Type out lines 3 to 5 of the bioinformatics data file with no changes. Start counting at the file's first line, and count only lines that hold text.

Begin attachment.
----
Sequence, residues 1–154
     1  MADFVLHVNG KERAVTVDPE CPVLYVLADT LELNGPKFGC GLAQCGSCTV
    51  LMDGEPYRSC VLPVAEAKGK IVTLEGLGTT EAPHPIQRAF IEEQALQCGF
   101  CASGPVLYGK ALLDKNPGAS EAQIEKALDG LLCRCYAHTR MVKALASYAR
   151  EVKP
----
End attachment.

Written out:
    51  LMDGEPYRSC VLPVAEAKGK IVTLEGLGTT EAPHPIQRAF IEEQALQCGF
   101  CASGPVLYGK ALLDKNPGAS EAQIEKALDG LLCRCYAHTR MVKALASYAR
   151  EVKP